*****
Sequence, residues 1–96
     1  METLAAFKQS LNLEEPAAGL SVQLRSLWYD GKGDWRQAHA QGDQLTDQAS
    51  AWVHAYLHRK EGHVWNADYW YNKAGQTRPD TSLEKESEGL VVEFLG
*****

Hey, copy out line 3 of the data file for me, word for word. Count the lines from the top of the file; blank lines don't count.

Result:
    51  AWVHAYLHRK EGHVWNADYW YNKAGQTRPD TSLEKESEGL VVEFLG